1. What is microcredit ?

Microcredit is defined as any credit which aims to allow low-income individuals:

  • To create and develop their own production or service activity in order to guarantee their economic integration;
  • Acquire, build or improve their house;
  • Acquire electric appliances or ensure drinking water supply for their households.

The maximum microcredit amount is set by Law n° 18-97 on microcredit at 50,000 DH.

  1. Which population groups are targeted by the microfinance sector ?

The population groups targeted by the microfinance sector include economically vulnerable individuals that are often excluded from the classical banking system, with income-generating activities which are often informal such as livestock rearing, handicraft and small trades and services.

  1. What types of credit are distributed by microcredit institutions ?

Microcredit methodologies, mainly based on proximity to borrowers, have been developed around two major approaches: the group-oriented credit approach and the individuals-oriented credit approach.
The group-oriented credit approach:
This credit approach requires the constitution of small solidarity groups of clients, generally composed of four to eight members who know one another and perform their activities in the same geographical area. This credit approach is based on an intangible guarantee, which relies on the solidarity of the members of each group who will stand surety for one another.
The individuals-oriented credit approach:
This credit approach is based on an individual assessment of clients (their will and capacity to pay back their loans), as well as an appraisal of the profitability and operating risks of their microenterprises. The credit thus granted is not associated with any tangible guarantee.

  1. How does microcredit work ?

The capacity of microcredit to overcome obstacles related to the characteristics of borrowers which exclude them from the classical banking system, lies in its modus operandi. In the absence of guarantees, microcredit institutions have set up a system based on techniques substitutable to collaterals:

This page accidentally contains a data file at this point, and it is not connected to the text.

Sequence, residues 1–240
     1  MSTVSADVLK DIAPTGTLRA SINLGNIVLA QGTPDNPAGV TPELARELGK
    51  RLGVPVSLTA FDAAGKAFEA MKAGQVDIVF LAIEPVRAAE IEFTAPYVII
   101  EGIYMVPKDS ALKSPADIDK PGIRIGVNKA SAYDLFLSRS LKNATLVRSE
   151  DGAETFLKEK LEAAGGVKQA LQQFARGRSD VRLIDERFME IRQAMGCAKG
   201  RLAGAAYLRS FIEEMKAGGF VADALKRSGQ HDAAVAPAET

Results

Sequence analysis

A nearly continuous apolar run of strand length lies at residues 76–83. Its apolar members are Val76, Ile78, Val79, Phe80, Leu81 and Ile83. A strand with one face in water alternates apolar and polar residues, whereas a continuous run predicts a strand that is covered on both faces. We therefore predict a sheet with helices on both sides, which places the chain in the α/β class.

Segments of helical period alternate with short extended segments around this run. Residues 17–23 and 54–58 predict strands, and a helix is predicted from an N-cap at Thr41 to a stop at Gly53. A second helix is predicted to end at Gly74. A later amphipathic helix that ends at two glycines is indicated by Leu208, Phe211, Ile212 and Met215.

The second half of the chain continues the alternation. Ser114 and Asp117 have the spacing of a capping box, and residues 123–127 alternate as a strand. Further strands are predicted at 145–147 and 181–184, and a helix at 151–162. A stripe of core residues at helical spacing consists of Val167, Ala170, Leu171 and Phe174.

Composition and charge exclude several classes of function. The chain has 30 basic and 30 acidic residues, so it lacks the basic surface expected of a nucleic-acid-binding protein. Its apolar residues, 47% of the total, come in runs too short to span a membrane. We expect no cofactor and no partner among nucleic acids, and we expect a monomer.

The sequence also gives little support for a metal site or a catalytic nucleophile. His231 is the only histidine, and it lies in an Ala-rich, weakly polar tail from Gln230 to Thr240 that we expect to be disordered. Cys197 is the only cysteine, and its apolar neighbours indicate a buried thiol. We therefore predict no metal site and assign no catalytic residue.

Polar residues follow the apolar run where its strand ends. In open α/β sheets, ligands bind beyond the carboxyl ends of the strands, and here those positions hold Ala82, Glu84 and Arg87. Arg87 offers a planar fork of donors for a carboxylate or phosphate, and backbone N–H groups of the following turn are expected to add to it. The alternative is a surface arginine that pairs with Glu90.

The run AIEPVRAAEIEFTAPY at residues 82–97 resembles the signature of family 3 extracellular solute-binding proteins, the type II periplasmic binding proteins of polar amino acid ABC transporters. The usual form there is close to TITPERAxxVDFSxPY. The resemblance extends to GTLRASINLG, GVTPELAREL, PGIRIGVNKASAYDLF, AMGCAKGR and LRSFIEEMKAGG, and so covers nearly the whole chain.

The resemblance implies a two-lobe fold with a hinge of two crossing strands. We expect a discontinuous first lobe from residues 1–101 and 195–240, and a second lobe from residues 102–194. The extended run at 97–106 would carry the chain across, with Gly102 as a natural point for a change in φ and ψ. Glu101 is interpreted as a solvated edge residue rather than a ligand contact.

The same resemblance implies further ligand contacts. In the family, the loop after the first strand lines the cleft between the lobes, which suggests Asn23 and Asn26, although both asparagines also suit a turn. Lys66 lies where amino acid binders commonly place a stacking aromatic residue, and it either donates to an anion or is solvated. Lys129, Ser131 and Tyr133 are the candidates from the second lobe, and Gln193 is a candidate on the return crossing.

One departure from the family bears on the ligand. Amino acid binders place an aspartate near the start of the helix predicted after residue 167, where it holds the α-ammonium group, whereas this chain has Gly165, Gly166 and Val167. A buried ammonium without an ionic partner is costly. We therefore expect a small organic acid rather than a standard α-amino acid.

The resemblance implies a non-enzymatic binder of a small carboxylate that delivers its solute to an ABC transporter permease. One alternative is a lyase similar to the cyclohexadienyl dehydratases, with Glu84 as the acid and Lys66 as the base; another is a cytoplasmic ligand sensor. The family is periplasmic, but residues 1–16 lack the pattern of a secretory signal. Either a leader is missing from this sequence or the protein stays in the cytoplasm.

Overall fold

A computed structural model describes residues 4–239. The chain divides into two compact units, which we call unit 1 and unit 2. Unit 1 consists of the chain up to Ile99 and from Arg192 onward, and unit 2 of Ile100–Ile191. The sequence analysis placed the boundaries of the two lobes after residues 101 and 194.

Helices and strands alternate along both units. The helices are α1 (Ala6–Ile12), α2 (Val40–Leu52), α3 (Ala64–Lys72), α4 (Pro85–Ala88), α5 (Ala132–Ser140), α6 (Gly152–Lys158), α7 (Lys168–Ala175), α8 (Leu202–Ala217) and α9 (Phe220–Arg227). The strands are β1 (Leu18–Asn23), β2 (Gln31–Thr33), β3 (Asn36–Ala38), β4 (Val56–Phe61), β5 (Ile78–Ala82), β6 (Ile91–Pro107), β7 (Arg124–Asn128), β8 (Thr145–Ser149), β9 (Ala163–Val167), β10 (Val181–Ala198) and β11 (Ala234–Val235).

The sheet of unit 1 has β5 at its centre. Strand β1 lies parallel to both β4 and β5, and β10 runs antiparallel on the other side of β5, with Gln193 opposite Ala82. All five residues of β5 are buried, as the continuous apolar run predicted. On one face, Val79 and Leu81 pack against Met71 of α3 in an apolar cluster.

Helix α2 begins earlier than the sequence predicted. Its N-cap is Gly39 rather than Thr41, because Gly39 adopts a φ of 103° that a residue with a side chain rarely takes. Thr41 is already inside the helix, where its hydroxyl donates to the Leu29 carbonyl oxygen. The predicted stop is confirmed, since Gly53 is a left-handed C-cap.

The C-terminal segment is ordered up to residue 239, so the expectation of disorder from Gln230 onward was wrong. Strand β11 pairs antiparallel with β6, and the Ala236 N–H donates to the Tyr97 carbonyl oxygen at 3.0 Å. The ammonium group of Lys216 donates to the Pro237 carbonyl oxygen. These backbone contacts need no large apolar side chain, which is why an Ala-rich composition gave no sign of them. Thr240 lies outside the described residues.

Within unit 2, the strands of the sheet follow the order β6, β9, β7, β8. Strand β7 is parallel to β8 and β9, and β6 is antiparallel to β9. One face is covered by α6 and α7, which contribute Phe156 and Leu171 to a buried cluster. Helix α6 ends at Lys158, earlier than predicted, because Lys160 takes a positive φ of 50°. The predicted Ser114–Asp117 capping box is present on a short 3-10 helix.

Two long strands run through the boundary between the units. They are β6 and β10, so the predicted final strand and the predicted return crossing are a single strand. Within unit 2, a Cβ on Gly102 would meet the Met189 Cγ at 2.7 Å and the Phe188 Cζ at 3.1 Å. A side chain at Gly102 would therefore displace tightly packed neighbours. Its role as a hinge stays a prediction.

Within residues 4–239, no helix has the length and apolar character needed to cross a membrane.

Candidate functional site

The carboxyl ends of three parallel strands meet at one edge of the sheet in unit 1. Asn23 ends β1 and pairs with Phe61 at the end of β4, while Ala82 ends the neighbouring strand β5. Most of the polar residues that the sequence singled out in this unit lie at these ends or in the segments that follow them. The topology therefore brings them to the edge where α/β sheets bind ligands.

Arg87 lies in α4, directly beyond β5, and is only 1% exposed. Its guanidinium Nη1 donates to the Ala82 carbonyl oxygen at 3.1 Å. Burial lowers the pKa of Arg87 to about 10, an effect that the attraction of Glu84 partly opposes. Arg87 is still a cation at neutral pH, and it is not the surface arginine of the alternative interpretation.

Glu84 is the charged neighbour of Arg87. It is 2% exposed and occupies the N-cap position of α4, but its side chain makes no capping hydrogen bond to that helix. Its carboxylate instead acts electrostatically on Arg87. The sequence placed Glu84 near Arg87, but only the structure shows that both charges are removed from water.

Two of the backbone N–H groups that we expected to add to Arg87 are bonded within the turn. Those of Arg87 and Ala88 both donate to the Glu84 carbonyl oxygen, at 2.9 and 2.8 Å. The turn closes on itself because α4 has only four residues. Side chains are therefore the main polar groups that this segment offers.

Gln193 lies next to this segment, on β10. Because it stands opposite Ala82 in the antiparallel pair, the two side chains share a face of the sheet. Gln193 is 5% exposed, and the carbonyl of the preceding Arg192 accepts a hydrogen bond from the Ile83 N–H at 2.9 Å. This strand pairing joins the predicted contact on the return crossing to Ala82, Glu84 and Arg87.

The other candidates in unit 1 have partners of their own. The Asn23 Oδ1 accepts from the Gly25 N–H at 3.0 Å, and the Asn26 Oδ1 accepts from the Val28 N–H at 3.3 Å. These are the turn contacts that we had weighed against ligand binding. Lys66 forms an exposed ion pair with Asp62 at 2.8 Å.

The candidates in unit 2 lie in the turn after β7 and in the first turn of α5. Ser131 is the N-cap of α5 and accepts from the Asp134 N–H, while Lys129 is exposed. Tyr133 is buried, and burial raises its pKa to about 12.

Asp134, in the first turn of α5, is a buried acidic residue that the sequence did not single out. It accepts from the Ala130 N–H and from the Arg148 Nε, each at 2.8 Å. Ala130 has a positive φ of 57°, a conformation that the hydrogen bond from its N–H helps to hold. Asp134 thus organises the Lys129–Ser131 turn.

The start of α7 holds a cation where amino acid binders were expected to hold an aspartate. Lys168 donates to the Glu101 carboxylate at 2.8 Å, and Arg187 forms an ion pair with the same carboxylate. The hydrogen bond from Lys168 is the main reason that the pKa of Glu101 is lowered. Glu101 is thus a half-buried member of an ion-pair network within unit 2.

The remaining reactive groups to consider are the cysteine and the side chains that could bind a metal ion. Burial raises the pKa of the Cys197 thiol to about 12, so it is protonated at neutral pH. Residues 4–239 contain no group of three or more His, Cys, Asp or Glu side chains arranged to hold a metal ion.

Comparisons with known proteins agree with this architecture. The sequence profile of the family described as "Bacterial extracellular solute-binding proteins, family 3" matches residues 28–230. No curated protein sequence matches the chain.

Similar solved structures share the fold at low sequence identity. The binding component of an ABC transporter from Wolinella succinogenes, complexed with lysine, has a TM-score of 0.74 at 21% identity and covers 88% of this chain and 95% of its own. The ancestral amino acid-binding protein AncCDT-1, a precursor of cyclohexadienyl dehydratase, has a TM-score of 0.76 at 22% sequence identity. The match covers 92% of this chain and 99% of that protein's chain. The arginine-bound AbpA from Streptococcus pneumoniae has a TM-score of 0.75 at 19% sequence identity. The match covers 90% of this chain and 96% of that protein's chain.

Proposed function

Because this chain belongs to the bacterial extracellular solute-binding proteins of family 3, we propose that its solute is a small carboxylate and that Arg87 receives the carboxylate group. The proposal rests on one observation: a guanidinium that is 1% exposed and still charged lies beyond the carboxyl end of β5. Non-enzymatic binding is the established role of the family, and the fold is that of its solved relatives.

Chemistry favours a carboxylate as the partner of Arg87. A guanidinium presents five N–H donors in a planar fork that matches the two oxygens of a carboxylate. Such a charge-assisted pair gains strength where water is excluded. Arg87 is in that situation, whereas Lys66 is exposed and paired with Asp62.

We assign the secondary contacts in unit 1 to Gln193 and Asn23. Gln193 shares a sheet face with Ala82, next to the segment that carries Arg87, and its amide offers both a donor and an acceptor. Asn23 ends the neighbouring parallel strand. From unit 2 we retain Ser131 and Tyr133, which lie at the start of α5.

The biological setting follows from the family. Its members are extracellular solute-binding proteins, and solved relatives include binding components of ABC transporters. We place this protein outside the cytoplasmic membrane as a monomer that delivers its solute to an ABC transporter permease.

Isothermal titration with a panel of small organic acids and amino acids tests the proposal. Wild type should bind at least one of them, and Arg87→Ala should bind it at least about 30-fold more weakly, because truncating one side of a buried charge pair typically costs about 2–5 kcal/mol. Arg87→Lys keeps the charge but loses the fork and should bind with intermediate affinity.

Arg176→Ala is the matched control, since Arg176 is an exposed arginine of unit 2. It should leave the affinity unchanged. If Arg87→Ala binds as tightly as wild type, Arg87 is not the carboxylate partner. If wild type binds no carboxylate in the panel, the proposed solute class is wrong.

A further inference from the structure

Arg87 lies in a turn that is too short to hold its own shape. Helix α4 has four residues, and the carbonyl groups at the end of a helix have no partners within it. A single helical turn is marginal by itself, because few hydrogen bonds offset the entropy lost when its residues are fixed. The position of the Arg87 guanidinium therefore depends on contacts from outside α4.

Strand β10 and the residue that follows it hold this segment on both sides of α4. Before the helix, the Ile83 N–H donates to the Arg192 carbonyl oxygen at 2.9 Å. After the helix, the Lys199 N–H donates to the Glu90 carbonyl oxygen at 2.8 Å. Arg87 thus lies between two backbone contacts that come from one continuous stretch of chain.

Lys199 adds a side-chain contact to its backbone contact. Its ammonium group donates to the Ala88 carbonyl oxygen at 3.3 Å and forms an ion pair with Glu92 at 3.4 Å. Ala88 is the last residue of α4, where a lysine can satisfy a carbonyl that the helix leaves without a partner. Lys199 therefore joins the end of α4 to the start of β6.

A relationship of proximity: 
A major characteristic of microcredit lies in the relationship of proximity that links the institution with the borrower and which creates an atmosphere of mutual trust.
The concept of a Solidarity Group: 
To offset the absence of a tangible collateral, institutions have used the « solidarity group credit », whereby the members of a group are jointly and severally committed to repay the credit, based on their mutual trust and knowledge. In case of failure by one of the members to repay, the others should remind him of his obligations and, if necessary, ensure full reimbursement of the credit in his place.

  1. How is the microcredit file analyzed ?

An in-depth analysis of the micro-entrepreneur’s activity is required, before unlocking the credit. It is indeed necessary to make sure that the rate of profitability generated by this activity is sufficient, to know the rate of indebtedness, to avoid over-indebtedness and make an estimate of the actual turnover and charges. It is also necessary to enquire about the candidate’s morality. An indispensable visit to the place of work or the home address will enable the agent to check the facts of the file, and sometimes the prospective guarantor’s file.

  1. What additional services apart from credit are provided by microcredit institutions ?

In addition to granting loans, microcredit institutions provide non-financial services to their clients with the objective of reducing the impact of certain constraints that hinder income generation and check economic development. This includes:

  • Training on the creation of microenterprises and management of microprojects;
  • Technical assistance and advice to project promoters;
  • Support and coaching of micro-entrepreneurs in marketing their products.

Other financial services may also be offered by microcredit institutions such as micro-insurance and money transfer services.

  1. Why is the cost of microcredit high compared to bank credit ?

Microcredit is considered to be very expensive compared to classical credits offered by the traditional financial system. But the modus operandi of microcredit is very different from the classical banking system. The financial needs of the target population are in fact modest while the related costs are very significant: in microfinance, credit agents must pay a visit to the client, assess his solvency, based on interviews with the family and the neighborhood. Once the credit is granted, a close and permanent follow-up should be made through visits to strengthen the culture of reimbursement. As a result, transaction costs are very high. These costs are those of financial inclusion and must be added to financing costs as well as the cost of the risk related to financing low-income population groups without having the necessary collaterals. Therefore, microcredit institutions have to apply a higher interest rate than that of the banking sector, in order to maintain financial equilibrium. However, in view of the low amount of loans, the difference in absolute value on the bill to be paid is very small. Customer satisfaction studies carried out with recipients of microcredit show that clients are ready to pay higher interest rates to make sure that they have access to informal financing for their activities.